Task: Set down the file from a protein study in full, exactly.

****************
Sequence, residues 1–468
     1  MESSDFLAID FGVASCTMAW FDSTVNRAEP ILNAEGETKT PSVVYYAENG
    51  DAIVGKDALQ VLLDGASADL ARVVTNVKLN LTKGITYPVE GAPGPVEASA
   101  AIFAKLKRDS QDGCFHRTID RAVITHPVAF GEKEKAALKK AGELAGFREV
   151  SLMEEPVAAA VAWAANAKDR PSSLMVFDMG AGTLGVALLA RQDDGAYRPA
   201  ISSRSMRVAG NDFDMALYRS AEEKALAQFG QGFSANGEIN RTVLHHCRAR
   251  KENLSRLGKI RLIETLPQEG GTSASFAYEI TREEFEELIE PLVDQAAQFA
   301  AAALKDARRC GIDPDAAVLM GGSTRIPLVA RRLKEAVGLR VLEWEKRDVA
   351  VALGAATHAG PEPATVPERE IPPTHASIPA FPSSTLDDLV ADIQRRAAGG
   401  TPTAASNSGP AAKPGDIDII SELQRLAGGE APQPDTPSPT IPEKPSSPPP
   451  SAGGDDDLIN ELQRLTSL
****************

Sequence, residues 1–468
     1  MESSDFLAID FGVASCTMAW FDSTVNRAEP ILNAEGETKT PSVVYYAENG
    51  DAIVGKDALQ VLLDGASADL ARVVTNVKLN LTKGITYPVE GAPGPVEASA
   101  AIFAKLKRDS QDGCFHRTID RAVITHPVAF GEKEKAALKK AGELAGFREV
   151  SLMEEPVAAA VAWAANAKDR PSSLMVFDMG AGTLGVALLA RQDDGAYRPA
   201  ISSRSMRVAG NDFDMALYRS AEEKALAQFG QGFSANGEIN RTVLHHCRAR
   251  KENLSRLGKI RLIETLPQEG GTSASFAYEI TREEFEELIE PLVDQAAQFA
   301  AAALKDARRC GIDPDAAVLM GGSTRIPLVA RRLKEAVGLR VLEWEKRDVA
   351  VALGAATHAG PEPATVPERE IPPTHASIPA FPSSTLDDLV ADIQRRAAGG
   401  TPTAASNSGP AAKPGDIDII SELQRLAGGE APQPDTPSPT IPEKPSSPPP
   451  SAGGDDDLIN ELQRLTSL